bibliographic note she locates herself within urban studies, but her text and
its format show a subsumation of urban studies.
The book is interestingly organised. Part I 'Living' includes chapters on
urban and social space, transport, and industry. Part II 'Working' includes
chapters on occupations and occupational mobility, the 'daily grind'; and then,
'marriage' and 'on the margins of the good life'. Thus Fitzgerald sees marriage
as work, as indeed it is, for men and women. Fitzgerald reports more about
women than men, reflecting the 1970s origins of the book. And the results of
her research are satisfyingly pessimistic?'More women moved down the
occupational scale on marrying than moved up? proving this is very laborious
work requiring high statistical and archival skills. A sub-theme of this strong
chapter is that infanticide and abortion were far more common than con
servative historians allow. Fitzgerald's final chapter on marginalised workers ?
casual workers ? is also an important corrective to the working people's paradise
thesis. In her Conclusion, Fitzgerald argues for 'facts' over 'theory' in her work
and then proceeds to draw off Calhoun's The Question of Class Struggle to
develop a notion of Sydney-as-community. Yes, and no, to both propositions;
but thank heavens for a provocative conclusion.
And what of the first few chapters? Fitzgerald shows clearly that Sydney
was characterised by blocked mobility, or at least very difficult upward mobility.
Shades of Thernstrom and Warner here, and perhaps generally the 'new' urban
history influence from the 1960s. How different the nineteenth century now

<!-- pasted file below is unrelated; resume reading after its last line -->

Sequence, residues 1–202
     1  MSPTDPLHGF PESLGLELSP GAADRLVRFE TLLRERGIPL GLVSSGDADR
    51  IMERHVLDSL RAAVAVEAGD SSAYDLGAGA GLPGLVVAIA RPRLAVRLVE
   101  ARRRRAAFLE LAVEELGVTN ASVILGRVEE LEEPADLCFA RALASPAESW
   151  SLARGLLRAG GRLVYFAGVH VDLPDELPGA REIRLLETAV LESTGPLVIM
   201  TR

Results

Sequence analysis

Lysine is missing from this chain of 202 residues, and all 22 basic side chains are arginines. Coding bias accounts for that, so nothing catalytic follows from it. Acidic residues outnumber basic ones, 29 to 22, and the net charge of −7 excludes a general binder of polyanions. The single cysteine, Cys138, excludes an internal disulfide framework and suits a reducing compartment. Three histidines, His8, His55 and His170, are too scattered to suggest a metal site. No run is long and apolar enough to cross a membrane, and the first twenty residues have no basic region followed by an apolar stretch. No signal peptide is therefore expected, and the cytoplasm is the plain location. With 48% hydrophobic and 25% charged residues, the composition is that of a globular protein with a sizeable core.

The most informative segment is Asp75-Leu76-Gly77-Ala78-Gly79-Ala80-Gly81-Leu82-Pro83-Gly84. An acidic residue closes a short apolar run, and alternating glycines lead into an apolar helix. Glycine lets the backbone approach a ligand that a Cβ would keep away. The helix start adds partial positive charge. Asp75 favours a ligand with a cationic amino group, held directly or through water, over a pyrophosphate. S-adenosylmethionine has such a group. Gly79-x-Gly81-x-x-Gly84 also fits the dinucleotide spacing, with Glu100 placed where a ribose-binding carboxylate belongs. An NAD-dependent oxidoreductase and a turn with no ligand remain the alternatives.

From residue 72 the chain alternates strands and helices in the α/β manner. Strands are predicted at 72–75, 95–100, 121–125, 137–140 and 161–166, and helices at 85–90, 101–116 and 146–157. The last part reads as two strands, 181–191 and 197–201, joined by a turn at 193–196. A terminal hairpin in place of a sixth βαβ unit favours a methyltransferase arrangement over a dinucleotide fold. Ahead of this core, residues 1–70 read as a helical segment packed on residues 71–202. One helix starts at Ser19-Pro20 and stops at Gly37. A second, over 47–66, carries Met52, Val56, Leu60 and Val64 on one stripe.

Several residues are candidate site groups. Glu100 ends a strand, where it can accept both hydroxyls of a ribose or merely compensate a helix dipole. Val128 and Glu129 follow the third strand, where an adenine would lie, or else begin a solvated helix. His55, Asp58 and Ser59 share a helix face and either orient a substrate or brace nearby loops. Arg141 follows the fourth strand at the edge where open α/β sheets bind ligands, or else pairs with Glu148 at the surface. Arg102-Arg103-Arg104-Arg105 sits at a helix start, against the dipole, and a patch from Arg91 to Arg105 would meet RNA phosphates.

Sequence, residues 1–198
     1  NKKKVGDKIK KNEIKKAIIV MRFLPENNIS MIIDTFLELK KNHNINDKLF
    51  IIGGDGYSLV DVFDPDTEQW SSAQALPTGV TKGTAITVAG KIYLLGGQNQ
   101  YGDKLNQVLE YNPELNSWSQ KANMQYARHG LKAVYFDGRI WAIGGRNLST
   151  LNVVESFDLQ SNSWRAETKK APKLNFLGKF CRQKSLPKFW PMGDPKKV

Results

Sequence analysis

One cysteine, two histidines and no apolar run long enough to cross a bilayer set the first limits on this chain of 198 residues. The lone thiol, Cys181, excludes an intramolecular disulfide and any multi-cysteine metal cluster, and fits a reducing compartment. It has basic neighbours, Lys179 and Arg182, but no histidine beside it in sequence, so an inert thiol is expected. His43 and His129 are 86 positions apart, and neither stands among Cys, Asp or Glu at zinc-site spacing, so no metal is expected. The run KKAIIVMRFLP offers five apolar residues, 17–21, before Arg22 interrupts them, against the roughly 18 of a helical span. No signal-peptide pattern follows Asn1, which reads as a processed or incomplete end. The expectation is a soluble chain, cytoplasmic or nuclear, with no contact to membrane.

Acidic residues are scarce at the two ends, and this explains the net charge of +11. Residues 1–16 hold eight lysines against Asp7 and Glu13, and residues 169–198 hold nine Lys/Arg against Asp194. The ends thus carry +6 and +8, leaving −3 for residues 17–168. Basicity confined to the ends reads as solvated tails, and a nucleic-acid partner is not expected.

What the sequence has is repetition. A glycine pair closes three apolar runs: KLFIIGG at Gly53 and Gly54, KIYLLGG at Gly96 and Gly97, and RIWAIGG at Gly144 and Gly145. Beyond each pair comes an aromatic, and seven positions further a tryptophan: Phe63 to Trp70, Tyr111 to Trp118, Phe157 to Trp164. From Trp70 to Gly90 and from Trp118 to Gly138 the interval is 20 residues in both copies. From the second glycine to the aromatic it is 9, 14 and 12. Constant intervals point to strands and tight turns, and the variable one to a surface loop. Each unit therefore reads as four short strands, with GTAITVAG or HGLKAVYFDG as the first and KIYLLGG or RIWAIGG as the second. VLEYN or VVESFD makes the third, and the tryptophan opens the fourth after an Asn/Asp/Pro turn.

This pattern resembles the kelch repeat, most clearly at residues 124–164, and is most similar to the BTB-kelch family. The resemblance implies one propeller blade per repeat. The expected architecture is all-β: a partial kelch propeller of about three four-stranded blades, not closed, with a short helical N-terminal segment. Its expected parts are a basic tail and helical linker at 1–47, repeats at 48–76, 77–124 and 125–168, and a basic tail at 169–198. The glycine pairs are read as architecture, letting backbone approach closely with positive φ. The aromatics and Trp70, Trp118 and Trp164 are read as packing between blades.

looks to us as a result!
From her 'Acknowledgements' it seems that Shirley Fitzgerald at times
questioned her ability and motivation to see the project through. While she
thanks those who encouraged her over the bad patches, Fitzgerald's readers
can see for themselves in the text of Rising Damp a strength of character, a
commitment to the difficult task set, and an intellectual span, which is deeply
University of Western Australia C. T. STANNAGE
Mark Bray and Malcolm Rimmer: Delivering the Goods: A History of the
Transport Workers' Union in New South Wales 1888-1986. Allen & Unwin,
Sydney, 1987. pp. xii + 297. $24.95 paper.
The publication o? Delivering the Goods is a reminder that despite a flurry
of labour history titles in the past ten to fifteen years, many aspects of the labour
movement, in organisation, ideas or events, have never really been analysed
or even described at length. Many Australian trade unions still suffer from a
lack of academic attention. Trade union histories are often derided as dull,
too possessed with a mechanical narration of the doings of the union's leadership.
Publishers doubt their appeal and look to the subject union for substantial
I can't say how well Delivering the Goods will sell, but it deserves a wide
readership. Here is the well-researched story behind a domineering union in
a key industry, a union which has previously escaped serious scrutiny. Like any
union which can look back through a century of struggle the story of the
Transport Workers' Union is full of vigour and conflict. This is unsurprising
given the firmly private enterprise ethos of Australian road transport. Workers
in the road haulage industry from the 1880s onwards have had to reckon with
employers jostling for market share in a competitive and tough business.
Unionisation of transport workers has consequently been a fairly pragmatic